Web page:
Poker is a card game in which players make a series of bets on the basis of probability, psychology, and game theory. While the outcome of any single hand involves a significant element of chance, in the long run the best hands will win. The game is played with a fixed number of cards, which are dealt face-down to each player. After an initial forced bet (usually an ante) each player places a bet into the pot. The dealer then shuffles the deck, cuts, and deals each player a set number of cards, starting with the player on their left. Players may choose to call, raise, or drop (abandon the hand).
The action at each table is driven by a mixture of bluffs and value bets. The by-play between players is what makes the game interesting. Focus your writing on these aspects of the game and the players’ reactions to it. Describing a series of card draws, bets and checks will feel lame or gimmicky.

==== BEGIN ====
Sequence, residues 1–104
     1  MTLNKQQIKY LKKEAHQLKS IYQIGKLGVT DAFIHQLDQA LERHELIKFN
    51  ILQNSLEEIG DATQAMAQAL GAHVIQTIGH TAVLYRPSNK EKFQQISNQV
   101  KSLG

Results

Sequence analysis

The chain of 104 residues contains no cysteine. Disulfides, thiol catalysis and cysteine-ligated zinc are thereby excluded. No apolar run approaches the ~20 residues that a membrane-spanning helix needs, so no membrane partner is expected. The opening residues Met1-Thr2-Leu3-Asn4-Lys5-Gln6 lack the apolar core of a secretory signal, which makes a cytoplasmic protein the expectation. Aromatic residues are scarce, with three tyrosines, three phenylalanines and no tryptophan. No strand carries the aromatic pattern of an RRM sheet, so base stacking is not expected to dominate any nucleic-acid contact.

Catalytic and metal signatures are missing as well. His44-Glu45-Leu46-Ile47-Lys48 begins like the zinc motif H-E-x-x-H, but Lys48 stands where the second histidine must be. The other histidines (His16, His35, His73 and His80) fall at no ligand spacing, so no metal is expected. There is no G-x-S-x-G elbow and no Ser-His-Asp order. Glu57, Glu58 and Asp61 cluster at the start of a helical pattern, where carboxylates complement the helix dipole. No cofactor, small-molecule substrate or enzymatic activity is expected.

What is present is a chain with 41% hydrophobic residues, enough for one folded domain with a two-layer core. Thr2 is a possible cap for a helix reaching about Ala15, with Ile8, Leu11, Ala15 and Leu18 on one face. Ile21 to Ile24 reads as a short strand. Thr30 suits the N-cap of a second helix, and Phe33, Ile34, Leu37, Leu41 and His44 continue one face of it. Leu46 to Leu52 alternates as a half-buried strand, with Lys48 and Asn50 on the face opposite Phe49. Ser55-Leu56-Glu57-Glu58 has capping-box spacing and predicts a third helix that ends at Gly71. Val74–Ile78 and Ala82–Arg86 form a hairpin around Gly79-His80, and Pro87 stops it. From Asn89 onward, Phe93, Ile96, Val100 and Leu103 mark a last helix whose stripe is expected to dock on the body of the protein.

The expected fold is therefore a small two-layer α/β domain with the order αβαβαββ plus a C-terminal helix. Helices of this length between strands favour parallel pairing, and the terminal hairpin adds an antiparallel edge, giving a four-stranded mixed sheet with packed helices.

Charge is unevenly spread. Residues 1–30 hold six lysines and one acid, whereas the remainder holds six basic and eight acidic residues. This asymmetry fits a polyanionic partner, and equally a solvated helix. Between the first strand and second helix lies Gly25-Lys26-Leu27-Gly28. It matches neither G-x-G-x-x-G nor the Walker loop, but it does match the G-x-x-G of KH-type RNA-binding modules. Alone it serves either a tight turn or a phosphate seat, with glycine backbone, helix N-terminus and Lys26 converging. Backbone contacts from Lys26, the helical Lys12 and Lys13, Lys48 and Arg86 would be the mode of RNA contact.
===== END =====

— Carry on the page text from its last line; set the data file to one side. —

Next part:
One of the most important skills to develop when playing poker is reading your opponents. This includes paying attention to subtle physical tells, but it also means understanding how they act and what their motives are. Developing this ability will help you read the game faster, which in turn will make you a better player. You will be able to identify conservative players who rarely fold early, and you will be able to spot aggressive players who make high bets before seeing how the other players respond to their actions.